Information on XBlocks, how to develop them, write effective tests, and conform to coding standards.
XBlocks are python libraries used to provide custom course units for learners and instructors on the Open edX platform.
Online resources include:
Open edX XBlock Tutorial: the best source of information on XBlocks and how to develop them. Particularly useful sections are:
Open edX XBlocks Directory: list of existing XBlocks, their support status, and links to their code and maintainers.
Quote of the Day XBlock: example built for Eugeny's XBlock tutorial for the Open edX Conference 2017.
Open edX Developer's Guide: guidelines for developers on the Open edX platform.
You do not need to know everything about the Open edX platform to write XBlocks, or to start the tutorial, but some basic understanding of the LMS and the Studio editor are useful.
We also use git for source code management, and to deploy XBlocks to Open edX environments. See github's Hello World page for how to start using git.
Creating a new XBlock¶
edX provides a template for creating new XBlocks: https://github.com/edx/cookiecutter-xblock
Once you have an XBlock created, use git to share it to a public repository so that it can be used and installed on your Open edX deployments.
Running XBlock in Open edX¶
If you have a devstack set up for Open edX, you can install your XBlock there and run it inside your LMS/Studio environment.
The XBlock Tutorial has not yet been updated to cover development in docker devstacks, but the concepts are similar.
In docker however, you need to be sure to install the same version of your XBlock in both the LMS and Studio, since these services do not share virtual environments.
Install in LMS¶
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Install in Studio¶
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Writing automated tests protects your XBlock's functionality against breaking changes as your project evolves. It also provides examples of how you expect your XBlock to be used.
Quote of the Day XBlock: good example of how to write unit tests, with quality and code coverage.
XBlock-SDK: Testing: details how to run code coverage and automated tests in the SDK workbench.
Automated Tools: section below provides information on how to measure and manage code quality.
Translations and Internationalization¶
Whenever your XBlock displays text to a learner or instructor, use the gettext utilities to mark the text, and to extract these text strings for translating.
The EDX Platform supports internationalization out of the box, but there is some specifics you need to be aware of. Please see XBlock Tutorial: Internationalization Support. Also, make sure to go over the open edX Developer Resources: Internationalization Coding Guidelines.
Edx's XBlock Cookiecutter template was an example implementation for a basic XBlock with internationalization support. This template demonstrated multiple Make targets to simplify the process; see README.md for details.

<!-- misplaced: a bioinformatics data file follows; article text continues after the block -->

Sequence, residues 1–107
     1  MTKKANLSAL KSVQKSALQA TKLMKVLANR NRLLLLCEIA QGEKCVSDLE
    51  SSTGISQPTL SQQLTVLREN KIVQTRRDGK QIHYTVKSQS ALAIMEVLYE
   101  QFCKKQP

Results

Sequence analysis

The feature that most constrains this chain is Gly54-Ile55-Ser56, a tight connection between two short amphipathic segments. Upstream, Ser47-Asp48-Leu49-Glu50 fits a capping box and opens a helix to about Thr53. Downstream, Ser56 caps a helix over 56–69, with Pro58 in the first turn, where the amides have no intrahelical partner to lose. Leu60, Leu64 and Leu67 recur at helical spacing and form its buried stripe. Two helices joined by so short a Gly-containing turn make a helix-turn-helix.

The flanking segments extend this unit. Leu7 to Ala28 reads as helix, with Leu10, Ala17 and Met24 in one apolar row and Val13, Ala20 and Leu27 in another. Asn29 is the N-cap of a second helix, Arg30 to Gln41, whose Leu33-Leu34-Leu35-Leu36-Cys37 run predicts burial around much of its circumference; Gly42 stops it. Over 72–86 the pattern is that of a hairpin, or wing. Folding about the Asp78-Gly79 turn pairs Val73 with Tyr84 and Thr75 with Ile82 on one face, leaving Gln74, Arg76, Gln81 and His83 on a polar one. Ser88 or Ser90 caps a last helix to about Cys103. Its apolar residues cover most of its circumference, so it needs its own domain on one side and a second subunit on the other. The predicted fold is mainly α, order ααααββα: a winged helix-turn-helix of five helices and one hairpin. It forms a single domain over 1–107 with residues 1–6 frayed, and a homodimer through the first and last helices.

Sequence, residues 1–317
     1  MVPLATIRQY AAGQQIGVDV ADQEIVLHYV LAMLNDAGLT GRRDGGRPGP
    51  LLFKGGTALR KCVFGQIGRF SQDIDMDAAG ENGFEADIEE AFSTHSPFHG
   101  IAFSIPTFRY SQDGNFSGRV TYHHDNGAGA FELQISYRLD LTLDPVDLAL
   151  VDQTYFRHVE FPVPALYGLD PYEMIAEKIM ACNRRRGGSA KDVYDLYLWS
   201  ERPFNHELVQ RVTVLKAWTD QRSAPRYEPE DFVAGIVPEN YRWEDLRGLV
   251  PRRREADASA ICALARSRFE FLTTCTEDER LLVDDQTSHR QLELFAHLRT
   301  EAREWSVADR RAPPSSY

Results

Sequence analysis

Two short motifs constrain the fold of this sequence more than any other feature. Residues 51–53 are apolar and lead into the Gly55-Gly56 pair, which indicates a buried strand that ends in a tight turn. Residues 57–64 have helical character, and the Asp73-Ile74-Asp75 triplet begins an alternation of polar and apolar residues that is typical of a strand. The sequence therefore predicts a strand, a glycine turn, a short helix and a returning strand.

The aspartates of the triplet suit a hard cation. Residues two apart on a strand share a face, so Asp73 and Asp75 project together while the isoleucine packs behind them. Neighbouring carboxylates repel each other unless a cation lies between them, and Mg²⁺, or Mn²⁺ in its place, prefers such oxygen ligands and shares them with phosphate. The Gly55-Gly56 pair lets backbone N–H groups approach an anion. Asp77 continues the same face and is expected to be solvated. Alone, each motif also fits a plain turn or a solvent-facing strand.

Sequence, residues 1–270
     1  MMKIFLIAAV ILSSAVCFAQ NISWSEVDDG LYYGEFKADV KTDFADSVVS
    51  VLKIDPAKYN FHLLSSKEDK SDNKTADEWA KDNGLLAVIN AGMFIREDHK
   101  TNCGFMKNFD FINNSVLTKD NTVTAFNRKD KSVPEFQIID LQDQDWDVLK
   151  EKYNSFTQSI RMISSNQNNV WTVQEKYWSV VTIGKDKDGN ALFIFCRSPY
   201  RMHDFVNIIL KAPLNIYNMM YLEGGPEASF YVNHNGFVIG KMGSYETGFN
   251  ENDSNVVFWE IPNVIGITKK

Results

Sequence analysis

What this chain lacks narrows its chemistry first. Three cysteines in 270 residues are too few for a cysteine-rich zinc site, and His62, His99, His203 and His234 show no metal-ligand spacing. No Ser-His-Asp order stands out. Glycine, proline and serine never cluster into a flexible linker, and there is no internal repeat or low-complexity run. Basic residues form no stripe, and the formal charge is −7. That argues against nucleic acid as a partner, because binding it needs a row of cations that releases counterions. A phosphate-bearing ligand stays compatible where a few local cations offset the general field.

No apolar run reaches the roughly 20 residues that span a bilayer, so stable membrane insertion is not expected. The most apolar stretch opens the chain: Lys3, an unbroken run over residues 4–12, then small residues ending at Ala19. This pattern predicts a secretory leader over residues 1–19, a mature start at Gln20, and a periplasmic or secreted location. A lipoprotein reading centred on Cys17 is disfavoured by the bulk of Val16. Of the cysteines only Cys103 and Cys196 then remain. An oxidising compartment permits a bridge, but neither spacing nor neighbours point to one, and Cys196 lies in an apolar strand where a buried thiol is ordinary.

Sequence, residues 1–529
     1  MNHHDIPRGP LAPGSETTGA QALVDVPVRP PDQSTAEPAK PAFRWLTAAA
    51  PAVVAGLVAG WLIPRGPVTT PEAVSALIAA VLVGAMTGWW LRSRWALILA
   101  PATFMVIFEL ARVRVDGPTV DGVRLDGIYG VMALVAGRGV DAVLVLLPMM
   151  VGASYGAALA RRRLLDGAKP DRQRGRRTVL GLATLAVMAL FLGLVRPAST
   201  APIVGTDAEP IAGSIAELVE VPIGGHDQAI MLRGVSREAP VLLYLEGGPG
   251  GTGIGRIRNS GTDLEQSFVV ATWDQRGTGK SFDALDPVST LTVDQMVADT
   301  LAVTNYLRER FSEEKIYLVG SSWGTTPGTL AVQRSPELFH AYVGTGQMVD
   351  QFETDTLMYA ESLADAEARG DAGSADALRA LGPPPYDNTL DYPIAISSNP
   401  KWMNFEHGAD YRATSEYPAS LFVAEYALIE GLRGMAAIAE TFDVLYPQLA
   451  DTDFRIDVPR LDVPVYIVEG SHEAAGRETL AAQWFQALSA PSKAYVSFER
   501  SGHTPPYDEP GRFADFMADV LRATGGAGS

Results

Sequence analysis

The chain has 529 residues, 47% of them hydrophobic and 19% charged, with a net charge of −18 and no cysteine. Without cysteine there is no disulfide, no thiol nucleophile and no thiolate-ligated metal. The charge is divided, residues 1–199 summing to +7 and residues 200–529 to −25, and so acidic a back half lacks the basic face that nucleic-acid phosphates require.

A good XBlock will have:
A README file which describes what the XBlock does, how to install it, and how to run its tests, and screenshots to display how the XBlock works.
A setup file to allow the XBlock to be packaged and installed by pip, e.g. setup.py
A conf/locale directory containing extracted learner- or instructor-facing text for translation, e.g. problem-builder/conf/locale
Automated tests to validate functionality.
Minimum 80% code coverage.
Writing good code¶
The Open edX Developer's Guide contains a number of resources on this topic:
Python provides a several tools to assist with maintaining coding standards, quality, and test coverage.
See xblock-lti-consumer for an example of how to use these tools.
pylint is a tool which looks for programming errors and checks python coding standards.
See xblock-lti-consumer's pylintrc for an example configuration file, and quality.sh for an example of how to run pylint. The edx-platform pylintrc file is much more extensive, but is a good guide to use for more complex configuration.
pep8 is another tool for checking python coding standards.
coverage is a python tool which counts the lines of code that are run when a set of tests run, and provides a detailed report of what percentage of the code is tested, and which lines are missing.
Deployment and Release management¶
Because XBlocks are just python libraries, they can be installed using standard the standard pip install tool, using a github repository URL and revision.
Standard XBlocks are listed in the github requirements file, and installed during edxapp setup.
Non-standard XBlocks are installed via configuration, by adding the pip requirement to the list of EDXAPP_EXTRA_REQUIREMENTS.
Use pull requests¶
To update your XBlock, create a pull request, so that your changes can be reviewed and tested before they are merged.
Each pull request should have:
title: summary of the change
Description of the change and its purpose
Detailed instructions for how to test the change in the LMS/Studio.
Updated automated tests to validate the code change.
To get your pull request reviewed, mention one or more developers who know about your project, and ask for a review.
The best way to manage releases of different versions of your XBlock is to mark each release with a git tag. For example, OpenCraft's problem-builder uses tags to mark the different versions available, and then installs them using pip from a github URL using the specific tag.